June 24, 2015; Open Society Foundations

Sandra Coliver reports for the Open Society Foundations that NSA whistleblower Edward Snowden is unlikely to get the legal treatment he deserves if he were to return to the U.S. That is despite the Congressional enactment of the USA Freedom Act, which Coliver indicates validates Snowden’s disclosures.

Across the Atlantic, the Parliamentary Assembly of the Council of Europe passed a resolution that requested the U.S. “to allow Mr. Snowden to return without fear of criminal prosecution under conditions that would not allow him to raise the public interest defense.” According to Coliver, “that’s legalese for saying that he should have the opportunity, if prosecuted, to prove that the information he revealed was valuable for informing public debate. The prosecution would then have the burden of showing that the disclosures caused significant harm. The judge or jury would decide if the benefit outweighs the harm.” That is a public interest defense, the public interest benefit outweighs the harm, but Snowden faces prosecution under the Espionage Act, which doesn’t allow a public interest defense.

Somehow, the U.S. isn’t owning up to the fact that Snowden faces prosecution for having revealed secrets about a program that violated the Fourth Amendment of the Constitution. Snowden would be prosecuted for having told the truth about the NSA when government officials straight-out lied in congressional testimony about the nature and scope of NSA surveillance activities. But Snowden wouldn’t be permitted to offer a public interest defense. It’s absolutely ludicrous. That’s basically the point of the Council of Europe resolution. Snowden performed a public service, but under the Espionage Act, he wouldn’t be allowed to present a case for it.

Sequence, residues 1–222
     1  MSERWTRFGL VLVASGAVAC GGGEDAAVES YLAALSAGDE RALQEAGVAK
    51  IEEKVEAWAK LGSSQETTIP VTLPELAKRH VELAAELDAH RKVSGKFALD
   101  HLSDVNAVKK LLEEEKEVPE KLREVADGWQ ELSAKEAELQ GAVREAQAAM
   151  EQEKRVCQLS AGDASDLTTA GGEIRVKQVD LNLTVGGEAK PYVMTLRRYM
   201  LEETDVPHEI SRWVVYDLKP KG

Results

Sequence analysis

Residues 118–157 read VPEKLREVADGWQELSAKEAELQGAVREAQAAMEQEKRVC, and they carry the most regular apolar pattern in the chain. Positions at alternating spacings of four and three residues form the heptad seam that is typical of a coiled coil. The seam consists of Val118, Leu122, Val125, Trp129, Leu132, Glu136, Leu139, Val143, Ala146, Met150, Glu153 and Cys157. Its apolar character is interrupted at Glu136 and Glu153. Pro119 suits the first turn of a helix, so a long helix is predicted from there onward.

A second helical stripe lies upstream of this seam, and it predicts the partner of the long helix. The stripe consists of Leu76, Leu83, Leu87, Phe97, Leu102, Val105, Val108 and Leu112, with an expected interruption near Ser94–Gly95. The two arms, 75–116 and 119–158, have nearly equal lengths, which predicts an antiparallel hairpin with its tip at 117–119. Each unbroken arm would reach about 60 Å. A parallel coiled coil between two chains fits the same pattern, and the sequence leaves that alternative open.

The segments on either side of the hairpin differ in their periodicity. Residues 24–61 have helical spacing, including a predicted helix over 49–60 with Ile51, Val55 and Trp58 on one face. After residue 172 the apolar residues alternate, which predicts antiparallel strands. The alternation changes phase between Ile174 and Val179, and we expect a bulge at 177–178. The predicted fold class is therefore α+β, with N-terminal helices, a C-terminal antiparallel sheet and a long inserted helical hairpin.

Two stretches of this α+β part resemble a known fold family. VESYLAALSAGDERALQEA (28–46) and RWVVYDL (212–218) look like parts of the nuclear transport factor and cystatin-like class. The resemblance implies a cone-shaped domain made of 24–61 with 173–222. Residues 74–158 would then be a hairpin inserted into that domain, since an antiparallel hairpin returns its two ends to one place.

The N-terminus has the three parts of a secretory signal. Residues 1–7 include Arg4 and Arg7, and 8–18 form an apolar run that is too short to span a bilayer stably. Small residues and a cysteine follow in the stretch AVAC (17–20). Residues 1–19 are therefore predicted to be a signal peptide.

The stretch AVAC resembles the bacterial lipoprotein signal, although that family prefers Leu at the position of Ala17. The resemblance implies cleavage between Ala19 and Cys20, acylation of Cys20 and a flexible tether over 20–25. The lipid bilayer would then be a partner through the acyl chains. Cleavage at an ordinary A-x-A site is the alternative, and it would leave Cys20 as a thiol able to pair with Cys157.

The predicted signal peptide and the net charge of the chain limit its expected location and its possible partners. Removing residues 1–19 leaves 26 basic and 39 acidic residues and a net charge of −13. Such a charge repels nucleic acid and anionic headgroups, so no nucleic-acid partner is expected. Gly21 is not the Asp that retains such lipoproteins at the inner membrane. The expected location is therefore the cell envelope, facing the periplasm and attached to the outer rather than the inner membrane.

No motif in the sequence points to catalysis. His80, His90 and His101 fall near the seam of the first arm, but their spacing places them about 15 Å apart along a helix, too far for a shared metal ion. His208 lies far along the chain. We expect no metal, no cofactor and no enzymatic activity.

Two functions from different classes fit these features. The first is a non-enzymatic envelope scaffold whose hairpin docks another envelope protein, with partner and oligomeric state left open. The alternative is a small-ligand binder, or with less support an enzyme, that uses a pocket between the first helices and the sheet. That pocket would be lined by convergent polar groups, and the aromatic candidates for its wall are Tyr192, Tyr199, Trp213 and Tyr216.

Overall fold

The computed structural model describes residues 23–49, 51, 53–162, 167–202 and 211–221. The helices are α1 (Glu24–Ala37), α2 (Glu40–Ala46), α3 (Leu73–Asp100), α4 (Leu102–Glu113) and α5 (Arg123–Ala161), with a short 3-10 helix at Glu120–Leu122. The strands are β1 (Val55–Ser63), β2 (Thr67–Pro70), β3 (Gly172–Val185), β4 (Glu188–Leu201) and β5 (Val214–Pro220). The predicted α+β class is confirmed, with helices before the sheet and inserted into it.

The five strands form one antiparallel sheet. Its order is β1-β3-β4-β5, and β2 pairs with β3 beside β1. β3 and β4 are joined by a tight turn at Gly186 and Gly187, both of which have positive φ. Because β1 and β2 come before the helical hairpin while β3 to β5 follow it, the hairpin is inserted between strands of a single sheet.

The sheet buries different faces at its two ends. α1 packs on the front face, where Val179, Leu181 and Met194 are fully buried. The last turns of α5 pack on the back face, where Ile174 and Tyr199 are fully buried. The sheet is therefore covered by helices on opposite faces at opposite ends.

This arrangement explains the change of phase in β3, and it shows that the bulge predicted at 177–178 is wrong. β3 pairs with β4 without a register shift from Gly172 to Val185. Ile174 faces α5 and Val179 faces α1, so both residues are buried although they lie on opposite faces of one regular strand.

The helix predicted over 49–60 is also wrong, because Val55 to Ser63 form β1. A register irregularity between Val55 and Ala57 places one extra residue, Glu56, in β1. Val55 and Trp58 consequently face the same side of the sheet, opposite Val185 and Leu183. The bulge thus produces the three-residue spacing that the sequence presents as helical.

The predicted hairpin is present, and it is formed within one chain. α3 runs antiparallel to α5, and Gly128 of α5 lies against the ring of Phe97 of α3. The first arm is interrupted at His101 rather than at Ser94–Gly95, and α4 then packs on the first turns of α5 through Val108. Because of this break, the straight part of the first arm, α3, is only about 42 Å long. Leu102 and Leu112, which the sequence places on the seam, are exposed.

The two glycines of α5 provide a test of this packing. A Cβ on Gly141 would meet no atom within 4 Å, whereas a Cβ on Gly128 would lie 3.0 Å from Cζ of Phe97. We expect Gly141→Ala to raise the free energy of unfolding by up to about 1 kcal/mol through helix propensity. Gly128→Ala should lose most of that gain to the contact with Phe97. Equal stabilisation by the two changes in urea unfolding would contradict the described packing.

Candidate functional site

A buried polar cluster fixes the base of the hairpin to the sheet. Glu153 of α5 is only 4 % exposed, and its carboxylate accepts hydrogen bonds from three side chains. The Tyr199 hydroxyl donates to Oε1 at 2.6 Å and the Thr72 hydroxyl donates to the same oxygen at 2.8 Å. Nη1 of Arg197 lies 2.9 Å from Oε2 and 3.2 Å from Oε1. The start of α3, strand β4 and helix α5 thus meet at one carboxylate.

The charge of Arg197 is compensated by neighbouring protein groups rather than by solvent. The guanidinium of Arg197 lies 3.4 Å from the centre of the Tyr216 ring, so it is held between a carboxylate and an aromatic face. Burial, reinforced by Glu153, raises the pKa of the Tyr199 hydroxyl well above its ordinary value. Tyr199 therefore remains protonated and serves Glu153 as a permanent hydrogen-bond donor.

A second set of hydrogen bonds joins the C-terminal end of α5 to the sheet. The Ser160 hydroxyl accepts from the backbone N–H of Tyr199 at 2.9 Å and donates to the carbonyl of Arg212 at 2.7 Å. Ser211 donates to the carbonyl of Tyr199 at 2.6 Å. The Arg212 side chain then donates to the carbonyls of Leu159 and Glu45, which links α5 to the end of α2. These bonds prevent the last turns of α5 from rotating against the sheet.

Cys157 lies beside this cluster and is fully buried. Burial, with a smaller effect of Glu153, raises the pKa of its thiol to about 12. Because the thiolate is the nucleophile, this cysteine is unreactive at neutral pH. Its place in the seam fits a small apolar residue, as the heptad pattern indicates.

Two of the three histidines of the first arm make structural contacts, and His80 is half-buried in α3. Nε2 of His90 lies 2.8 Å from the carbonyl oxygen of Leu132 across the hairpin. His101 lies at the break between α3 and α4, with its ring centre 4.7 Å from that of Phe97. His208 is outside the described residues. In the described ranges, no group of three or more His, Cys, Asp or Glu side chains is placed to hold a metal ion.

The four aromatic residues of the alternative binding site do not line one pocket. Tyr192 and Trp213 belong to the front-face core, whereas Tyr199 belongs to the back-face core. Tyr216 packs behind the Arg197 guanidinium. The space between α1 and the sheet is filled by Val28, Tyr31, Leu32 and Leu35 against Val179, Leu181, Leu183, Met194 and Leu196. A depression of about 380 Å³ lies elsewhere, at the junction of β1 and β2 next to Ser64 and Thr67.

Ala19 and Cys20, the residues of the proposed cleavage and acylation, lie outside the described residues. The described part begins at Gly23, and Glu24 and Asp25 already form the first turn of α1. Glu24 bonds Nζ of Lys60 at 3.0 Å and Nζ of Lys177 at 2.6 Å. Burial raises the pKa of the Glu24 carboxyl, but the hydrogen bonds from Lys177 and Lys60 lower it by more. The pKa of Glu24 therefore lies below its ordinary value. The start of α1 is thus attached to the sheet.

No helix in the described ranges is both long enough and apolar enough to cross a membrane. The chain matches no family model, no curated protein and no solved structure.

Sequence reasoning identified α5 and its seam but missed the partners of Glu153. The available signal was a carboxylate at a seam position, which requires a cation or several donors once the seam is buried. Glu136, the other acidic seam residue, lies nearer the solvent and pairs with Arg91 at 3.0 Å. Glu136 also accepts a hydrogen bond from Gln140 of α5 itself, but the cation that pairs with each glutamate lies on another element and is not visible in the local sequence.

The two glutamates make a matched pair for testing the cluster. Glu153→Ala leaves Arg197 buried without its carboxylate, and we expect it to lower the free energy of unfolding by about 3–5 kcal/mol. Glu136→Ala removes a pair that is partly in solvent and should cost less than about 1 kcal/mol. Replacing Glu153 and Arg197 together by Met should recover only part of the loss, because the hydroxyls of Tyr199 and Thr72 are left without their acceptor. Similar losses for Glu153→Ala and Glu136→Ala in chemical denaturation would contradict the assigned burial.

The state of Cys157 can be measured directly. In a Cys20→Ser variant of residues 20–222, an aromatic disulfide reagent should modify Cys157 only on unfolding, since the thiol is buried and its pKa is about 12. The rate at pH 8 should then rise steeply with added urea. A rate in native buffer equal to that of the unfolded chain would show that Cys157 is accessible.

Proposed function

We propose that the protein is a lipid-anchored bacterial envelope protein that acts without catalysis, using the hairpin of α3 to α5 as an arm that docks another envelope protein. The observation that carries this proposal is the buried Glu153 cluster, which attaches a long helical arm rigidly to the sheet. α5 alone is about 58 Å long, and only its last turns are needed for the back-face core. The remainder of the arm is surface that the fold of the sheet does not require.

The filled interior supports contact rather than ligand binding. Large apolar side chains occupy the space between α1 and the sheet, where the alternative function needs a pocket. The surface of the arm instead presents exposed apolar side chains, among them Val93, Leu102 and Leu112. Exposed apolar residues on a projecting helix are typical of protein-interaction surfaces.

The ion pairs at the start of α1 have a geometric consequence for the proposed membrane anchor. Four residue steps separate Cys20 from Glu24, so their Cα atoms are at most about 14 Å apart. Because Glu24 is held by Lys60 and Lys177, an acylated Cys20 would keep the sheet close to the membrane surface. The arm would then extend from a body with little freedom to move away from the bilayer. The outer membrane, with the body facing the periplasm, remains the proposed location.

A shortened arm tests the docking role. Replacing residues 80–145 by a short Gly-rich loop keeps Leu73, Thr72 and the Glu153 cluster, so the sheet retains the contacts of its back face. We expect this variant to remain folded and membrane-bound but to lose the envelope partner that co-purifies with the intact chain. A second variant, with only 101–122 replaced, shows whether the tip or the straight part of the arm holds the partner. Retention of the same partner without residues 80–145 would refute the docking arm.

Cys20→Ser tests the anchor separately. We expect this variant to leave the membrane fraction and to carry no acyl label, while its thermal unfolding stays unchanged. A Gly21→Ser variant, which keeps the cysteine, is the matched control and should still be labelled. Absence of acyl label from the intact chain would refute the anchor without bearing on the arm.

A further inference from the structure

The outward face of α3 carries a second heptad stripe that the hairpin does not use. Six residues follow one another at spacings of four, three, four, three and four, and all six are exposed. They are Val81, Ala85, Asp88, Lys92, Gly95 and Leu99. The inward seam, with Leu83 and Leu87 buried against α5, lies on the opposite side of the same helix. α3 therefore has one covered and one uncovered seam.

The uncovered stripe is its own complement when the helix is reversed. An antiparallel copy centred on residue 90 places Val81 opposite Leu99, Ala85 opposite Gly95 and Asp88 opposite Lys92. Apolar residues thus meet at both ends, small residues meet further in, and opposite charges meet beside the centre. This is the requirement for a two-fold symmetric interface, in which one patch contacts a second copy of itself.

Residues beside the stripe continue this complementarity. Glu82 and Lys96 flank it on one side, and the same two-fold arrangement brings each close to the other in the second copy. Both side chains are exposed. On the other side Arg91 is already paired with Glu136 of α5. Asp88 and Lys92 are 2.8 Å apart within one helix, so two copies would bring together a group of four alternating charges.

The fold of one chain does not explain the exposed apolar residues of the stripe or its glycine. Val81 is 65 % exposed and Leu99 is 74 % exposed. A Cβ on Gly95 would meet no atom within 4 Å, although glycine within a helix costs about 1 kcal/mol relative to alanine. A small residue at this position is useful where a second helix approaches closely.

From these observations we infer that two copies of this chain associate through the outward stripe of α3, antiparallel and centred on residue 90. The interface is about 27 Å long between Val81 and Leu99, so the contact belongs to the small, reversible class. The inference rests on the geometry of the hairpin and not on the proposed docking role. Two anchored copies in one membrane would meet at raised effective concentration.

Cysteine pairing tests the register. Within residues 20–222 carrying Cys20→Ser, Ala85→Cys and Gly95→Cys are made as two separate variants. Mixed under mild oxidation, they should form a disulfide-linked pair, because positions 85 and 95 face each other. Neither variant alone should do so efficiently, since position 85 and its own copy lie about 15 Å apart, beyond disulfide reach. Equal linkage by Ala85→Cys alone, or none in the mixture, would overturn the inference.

If he did present a public interest defense, the government would have to specify the harm that Snowden’s revelations purportedly caused to national security. To date, information released by the U.S. government has failed to provide evidence that revealing the out-of-control nature of the NSA’s meta-surveillance activities damaged national security.

Coliver concludes:

“It would be unrealistic to think that the United States might allow Snowden or any other national security whistleblower to raise a public interest defense in the foreseeable future. But public awareness of the increasing acceptance for such a defense around the world could well contribute to efforts to promote greater attention to the public interest in classification and declassification decisions and, in general, to reduce secrecy concerning matters that should be the subject of informed and robust public debate.”

That public awareness Coliver references might be important within the U.S. nonprofit sector as well. Defending citizens’ rights, defending democracy is part and parcel of what the nonprofit sector should stand for. Whether one likes or dislikes what Snowden did, his prosecution under the Espionage Act precluding a public interest defense violates what nonprofits typically believe.—Rick Cohen